At a black-tie gala at the Hard Rock Live! event center at Universal Studios, we were all treated to a dinner and awards ceremony hosted by Deborah Norville of Inside Edition. Suspense was crackling in the air as the five finalists stood on stage waiting for Dr. Smith to pronounce the winner: high school science teachers Kelly Burnette from Yulee High School and Allan Phipps from Broward County; 8th-grade language arts teacher Cristine O'Hara of Miami-Dade, and 4th-grade teachers Zachary Champagne of Jacksonville and Cheryl Conley of Vero Beach. The room erupted as Smith named Cheryl Conley as the Florida Teacher of the Year. In film clips of their classrooms, their students testified, eloquently and enthusiastically: how these five teachers made learning fun, helped them become more persistent, and if they didn't understand a concept the first time, their teachers found another way.

Earlier that afternoon, in a media circus that riveted the entire nation, LeBron James had announced he was going to the Miami Heat. I wish the honoring of our best teachers could achieve just 1% of the air time that James received. Even better: wouldn't it be great if celebrities like James stood up and said, "I have some important news to announce, but I want to do it at the Teacher of the Year ceremony so the really important people in our nation get the recognition they deserve."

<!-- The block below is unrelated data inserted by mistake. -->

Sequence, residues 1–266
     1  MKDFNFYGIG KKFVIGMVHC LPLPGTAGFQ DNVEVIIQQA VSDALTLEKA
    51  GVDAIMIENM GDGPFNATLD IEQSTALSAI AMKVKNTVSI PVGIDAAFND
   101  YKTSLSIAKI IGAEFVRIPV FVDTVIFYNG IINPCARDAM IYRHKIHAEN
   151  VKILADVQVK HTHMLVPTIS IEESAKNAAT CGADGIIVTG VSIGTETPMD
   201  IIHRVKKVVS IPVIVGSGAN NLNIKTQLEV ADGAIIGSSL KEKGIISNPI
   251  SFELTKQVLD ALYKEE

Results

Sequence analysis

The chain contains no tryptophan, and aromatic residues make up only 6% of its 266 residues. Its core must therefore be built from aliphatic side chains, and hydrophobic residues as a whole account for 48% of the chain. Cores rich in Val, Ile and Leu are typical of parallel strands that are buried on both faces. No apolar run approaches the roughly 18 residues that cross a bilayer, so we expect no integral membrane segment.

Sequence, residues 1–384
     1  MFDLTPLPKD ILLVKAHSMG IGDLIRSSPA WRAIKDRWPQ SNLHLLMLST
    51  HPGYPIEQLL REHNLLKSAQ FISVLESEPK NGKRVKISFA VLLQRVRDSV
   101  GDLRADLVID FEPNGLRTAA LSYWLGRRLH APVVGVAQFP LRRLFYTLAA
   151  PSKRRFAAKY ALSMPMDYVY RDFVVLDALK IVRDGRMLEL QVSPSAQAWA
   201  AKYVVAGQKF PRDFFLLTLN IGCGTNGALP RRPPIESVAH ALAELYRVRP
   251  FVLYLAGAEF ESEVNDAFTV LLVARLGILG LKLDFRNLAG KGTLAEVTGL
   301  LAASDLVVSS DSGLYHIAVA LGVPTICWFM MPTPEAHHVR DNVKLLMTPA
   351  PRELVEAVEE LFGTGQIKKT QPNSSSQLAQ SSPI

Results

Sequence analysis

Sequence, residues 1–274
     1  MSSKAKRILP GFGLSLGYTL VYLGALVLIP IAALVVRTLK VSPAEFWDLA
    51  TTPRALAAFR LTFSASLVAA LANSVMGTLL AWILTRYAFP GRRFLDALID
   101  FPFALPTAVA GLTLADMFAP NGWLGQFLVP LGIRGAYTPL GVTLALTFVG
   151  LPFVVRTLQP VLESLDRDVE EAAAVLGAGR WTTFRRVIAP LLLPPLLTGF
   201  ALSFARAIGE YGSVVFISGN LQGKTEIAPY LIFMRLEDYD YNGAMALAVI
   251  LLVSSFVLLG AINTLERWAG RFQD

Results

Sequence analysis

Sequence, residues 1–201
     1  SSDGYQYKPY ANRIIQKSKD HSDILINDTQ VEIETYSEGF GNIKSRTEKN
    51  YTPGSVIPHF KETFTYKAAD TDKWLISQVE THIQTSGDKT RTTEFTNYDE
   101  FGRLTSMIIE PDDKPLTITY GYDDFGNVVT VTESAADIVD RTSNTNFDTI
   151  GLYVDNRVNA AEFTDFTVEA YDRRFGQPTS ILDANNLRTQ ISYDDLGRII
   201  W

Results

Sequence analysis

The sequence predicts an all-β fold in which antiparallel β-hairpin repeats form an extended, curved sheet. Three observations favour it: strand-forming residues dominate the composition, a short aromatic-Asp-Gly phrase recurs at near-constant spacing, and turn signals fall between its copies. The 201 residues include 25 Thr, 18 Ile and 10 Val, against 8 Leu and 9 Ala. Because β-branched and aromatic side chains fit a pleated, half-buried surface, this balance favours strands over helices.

When our media and celebrities devote more attention to our best educators, we will know we are becoming an Education Nation. Instead, right now, we are a sports- and entertainment-obsessed nation. Unless we want to be known as the United States of Hollywood, we need to get our priorities straight and get more obsessed with the quality of our schools. In fact, basketball has a few lessons to teach us about learning. In sports, we know it's about performance and what athletes do and not about memorizing the rules of the game. I'll say more about that in a future post.